In the late 1940s, Hallmark began reproducing the paintings and designs of contemporary artists on their Christmas cards. Featuring art by Pablo Picasso, Paul Gauguin, Vincent Van Gogh, Paul Cezanne and Georgia O’Keeffe to start.
In 1959, Salvador Dali agreed to participate in the Christmas card series, however, he had several rather interesting stipulations. Asking for $15,000 in cash in advance for 10 greeting card designs, with absolutely no suggestions from Hallmark for the subject or medium, and no deadline or royalties allowed.
Dali wound up submitting 10 images for Hallmark, which were mostly Surrealist renditions of the Christmas tree and the Holy Family. Hallmark was less than pleased, and felt that only two of the 10 designs might appeal to the public, “The Nativity” and “Madonna and Child” (see below).
Unfortunately Dali’s Christmas surrealism was a bit too much for the average greeting card buyer to process, and Hallmark ultimately pulled the cards from the racks. There are several hundred Dali Hallmark cards still in existence at this time, but now they have become rare collectors’ items.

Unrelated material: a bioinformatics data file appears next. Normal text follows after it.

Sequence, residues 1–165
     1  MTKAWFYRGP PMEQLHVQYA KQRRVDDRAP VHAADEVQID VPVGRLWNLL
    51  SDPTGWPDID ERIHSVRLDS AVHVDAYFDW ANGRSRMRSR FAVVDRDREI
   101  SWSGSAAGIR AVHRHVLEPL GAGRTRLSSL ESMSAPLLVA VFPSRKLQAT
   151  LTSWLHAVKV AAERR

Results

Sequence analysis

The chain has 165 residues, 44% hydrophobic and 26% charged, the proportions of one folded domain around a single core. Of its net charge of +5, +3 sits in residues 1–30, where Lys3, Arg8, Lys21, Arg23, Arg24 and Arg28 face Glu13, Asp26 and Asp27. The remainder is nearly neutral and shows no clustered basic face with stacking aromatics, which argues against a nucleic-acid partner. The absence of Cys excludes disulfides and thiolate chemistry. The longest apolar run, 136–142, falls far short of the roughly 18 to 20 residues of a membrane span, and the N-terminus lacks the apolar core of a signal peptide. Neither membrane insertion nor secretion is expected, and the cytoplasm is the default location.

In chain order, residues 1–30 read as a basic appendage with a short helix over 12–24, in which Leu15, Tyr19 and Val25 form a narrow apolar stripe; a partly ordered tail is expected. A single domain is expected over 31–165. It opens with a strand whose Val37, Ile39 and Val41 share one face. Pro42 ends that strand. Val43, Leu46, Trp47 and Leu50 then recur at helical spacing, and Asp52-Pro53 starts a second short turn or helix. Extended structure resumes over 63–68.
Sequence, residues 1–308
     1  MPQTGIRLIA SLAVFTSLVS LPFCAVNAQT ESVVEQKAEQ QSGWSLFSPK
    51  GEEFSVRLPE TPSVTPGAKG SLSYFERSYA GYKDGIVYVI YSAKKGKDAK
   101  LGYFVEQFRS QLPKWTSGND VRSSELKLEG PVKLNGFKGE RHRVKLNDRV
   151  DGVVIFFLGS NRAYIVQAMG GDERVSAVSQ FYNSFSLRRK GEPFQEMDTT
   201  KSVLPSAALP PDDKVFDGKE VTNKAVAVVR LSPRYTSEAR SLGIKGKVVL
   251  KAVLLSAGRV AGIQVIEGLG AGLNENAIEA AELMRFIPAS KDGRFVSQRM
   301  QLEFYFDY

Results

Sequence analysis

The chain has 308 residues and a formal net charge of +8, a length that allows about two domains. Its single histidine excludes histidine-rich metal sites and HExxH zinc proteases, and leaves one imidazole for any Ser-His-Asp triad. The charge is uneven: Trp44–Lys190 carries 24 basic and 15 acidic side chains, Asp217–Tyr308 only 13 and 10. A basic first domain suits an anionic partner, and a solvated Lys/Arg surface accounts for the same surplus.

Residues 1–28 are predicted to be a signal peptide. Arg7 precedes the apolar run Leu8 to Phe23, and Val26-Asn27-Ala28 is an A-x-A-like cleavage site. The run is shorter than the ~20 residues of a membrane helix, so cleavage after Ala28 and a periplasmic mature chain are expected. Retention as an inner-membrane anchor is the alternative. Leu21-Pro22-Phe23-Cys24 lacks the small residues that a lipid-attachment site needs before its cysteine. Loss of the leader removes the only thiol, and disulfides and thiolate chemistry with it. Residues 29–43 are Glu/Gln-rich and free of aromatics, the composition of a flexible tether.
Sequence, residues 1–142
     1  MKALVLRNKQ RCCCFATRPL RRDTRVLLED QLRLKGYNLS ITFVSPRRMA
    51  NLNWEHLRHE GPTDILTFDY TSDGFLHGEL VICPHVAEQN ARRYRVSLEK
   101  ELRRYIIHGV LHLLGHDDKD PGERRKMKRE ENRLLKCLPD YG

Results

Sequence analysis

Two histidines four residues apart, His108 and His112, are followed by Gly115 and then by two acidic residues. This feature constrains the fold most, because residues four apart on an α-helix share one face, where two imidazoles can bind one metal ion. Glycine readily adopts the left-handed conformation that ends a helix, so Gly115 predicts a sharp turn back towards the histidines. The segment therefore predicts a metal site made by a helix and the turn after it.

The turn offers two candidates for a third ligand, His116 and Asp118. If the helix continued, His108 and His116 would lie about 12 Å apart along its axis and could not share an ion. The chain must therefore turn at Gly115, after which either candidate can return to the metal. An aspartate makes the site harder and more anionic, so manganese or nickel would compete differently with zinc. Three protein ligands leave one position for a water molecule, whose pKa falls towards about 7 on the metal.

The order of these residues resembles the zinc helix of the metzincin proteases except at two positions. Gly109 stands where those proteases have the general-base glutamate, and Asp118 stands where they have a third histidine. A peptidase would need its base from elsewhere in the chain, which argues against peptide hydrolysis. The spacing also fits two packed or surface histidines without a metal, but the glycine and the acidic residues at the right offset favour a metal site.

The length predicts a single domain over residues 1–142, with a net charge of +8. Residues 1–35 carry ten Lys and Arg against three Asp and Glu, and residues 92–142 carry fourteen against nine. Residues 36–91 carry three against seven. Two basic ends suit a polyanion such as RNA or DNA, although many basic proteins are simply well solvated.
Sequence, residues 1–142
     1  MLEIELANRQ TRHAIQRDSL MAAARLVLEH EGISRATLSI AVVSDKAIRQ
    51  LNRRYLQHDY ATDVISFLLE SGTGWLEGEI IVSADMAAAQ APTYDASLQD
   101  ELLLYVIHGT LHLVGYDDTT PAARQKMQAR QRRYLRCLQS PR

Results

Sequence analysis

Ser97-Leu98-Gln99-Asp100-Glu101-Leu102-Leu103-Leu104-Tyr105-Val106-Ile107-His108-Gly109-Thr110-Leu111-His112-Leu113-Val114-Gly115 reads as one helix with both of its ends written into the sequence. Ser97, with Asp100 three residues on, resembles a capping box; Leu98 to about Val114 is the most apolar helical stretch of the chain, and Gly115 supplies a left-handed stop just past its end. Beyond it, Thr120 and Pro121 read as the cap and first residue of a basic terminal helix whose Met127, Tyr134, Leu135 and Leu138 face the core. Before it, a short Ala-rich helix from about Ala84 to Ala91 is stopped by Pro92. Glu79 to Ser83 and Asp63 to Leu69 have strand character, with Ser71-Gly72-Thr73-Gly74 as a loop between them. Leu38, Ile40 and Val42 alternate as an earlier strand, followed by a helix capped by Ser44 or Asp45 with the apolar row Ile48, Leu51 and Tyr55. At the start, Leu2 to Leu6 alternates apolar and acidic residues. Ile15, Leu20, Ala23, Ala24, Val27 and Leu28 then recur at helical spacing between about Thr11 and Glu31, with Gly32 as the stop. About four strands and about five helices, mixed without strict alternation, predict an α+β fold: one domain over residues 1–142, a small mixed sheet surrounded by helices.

Browse the gallery below to see Dali’s surreal take on Christmas!
Or a Christmas tree made of butterflies on a barren plane:
Or this scene of the three wise men, which is fairly serene except for an extremely dramatic camel:
"This, then, is the ultimate paradox of thought: to want to discover something that thought itself cannot think."- Soren Kierkegaard
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